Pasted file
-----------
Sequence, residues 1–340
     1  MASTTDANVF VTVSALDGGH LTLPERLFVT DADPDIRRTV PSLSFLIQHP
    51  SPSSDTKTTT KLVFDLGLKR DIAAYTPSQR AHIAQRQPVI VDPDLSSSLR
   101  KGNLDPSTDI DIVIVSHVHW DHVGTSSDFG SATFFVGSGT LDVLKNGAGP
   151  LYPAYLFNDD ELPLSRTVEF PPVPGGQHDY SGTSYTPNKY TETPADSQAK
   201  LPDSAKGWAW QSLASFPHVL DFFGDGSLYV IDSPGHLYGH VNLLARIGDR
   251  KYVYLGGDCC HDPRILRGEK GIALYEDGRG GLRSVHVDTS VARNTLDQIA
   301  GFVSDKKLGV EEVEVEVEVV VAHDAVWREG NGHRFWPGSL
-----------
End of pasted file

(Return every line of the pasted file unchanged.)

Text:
Sequence, residues 1–340
     1  MASTTDANVF VTVSALDGGH LTLPERLFVT DADPDIRRTV PSLSFLIQHP
    51  SPSSDTKTTT KLVFDLGLKR DIAAYTPSQR AHIAQRQPVI VDPDLSSSLR
   101  KGNLDPSTDI DIVIVSHVHW DHVGTSSDFG SATFFVGSGT LDVLKNGAGP
   151  LYPAYLFNDD ELPLSRTVEF PPVPGGQHDY SGTSYTPNKY TETPADSQAK
   201  LPDSAKGWAW QSLASFPHVL DFFGDGSLYV IDSPGHLYGH VNLLARIGDR
   251  KYVYLGGDCC HDPRILRGEK GIALYEDGRG GLRSVHVDTS VARNTLDQIA
   301  GFVSDKKLGV EEVEVEVEVV VAHDAVWREG NGHRFWPGSL